Environmental Protection Agency administrator Scott Pruitt announced Wednesday his decision not to ban the agricultural use of the pesticide chlorpyrifos. This announcement was made despite a 2015 ban proposal following findings of neurological harm linked to exposure to the chemical.
This decision could keep the EPA from reconsidering chlorpyrifos’ status until 2022.
Chlorpyrifos has been used in the United States since 1965, but it was banned for indoor and home applications in 2000. Research has since been conducted on its safety, and while at first, it was believed that residue on food was not enough to induce measurable nervous system dysfunction, studies conducted last year at Columbia University linked the agricultural use of the pesticide to “small but measurable differences in brain function,” particularly in children and fetuses, explains NPR. These include delays and problems in learning, social skills, motor function, and other developmental domains.
“At age 7, the average IQ of children who had been exposed to high levels of chlorpyrifos was a few percentage points lower than children who hadn't been exposed to much of the chemical at all," writes NPR's Dan Charles. "Other studies showed that some people are much more vulnerable to chlorpyrifos because of their genetic makeup."
From the Organic Authority Files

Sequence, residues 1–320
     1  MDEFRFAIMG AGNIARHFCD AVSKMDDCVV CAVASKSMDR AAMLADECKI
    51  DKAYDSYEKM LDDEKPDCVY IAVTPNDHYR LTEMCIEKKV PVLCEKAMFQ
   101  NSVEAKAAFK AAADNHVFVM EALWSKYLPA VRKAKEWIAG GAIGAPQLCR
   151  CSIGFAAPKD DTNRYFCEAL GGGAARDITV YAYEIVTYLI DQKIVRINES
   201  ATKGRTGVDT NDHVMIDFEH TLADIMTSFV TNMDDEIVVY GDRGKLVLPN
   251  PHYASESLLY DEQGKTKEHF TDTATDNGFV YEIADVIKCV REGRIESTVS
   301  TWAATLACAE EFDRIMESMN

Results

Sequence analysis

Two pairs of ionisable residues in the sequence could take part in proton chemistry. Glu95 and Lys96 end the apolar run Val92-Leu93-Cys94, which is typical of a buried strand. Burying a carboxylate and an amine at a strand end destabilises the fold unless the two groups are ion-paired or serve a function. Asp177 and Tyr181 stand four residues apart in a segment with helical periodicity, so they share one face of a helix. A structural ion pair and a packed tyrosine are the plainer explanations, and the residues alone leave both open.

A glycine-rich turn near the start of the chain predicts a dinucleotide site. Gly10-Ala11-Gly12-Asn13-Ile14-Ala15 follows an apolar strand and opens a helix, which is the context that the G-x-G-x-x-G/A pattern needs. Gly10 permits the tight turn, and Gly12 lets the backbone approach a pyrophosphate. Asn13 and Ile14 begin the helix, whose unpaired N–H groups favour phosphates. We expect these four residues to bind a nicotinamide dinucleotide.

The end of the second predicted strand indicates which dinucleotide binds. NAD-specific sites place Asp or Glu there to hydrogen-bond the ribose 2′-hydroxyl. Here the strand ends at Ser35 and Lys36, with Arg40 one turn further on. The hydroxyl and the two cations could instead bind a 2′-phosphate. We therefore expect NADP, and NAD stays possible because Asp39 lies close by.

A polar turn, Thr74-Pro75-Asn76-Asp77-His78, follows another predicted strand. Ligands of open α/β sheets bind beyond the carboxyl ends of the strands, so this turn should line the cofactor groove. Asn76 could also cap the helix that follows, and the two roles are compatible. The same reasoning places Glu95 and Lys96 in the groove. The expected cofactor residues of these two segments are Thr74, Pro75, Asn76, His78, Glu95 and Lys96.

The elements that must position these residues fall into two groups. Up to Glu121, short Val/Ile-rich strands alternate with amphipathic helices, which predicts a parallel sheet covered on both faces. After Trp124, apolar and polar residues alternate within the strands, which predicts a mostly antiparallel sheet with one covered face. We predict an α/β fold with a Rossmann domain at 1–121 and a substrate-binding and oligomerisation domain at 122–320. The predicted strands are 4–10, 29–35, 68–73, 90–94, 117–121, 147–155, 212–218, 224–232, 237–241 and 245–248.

The Natural Resources Defense Council, which filed a petition against the pesticide in 2007, is actively opposing this decision.
“We have a law that requires the EPA to ban pesticides that it cannot determine are safe, and the EPA has repeatedly said this pesticide is not safe,” Patti Goldman, managing attorney at Earthjustice, a San Francisco-based environmental group that serves as the legal team for NRDC, told the New York Times.
Pruitt’s announcement follows a January letter from Dow Chemical Co., which sells chlorpyrifos under the brand name Lorsban, accusing the EPA of short-circuiting the scientific review of the chemical to the detriment of the company and the American farmers that use it.
“We need to provide regulatory certainty to the thousands of American farms that rely on chlorpyrifos,” Pruitt said in a statement.
Around 40,000 American farms still use chlorpyrifos, with more than six million pounds of the chemical being used every year. About a quarter of the chlorpyrifos in the United States is used in California.
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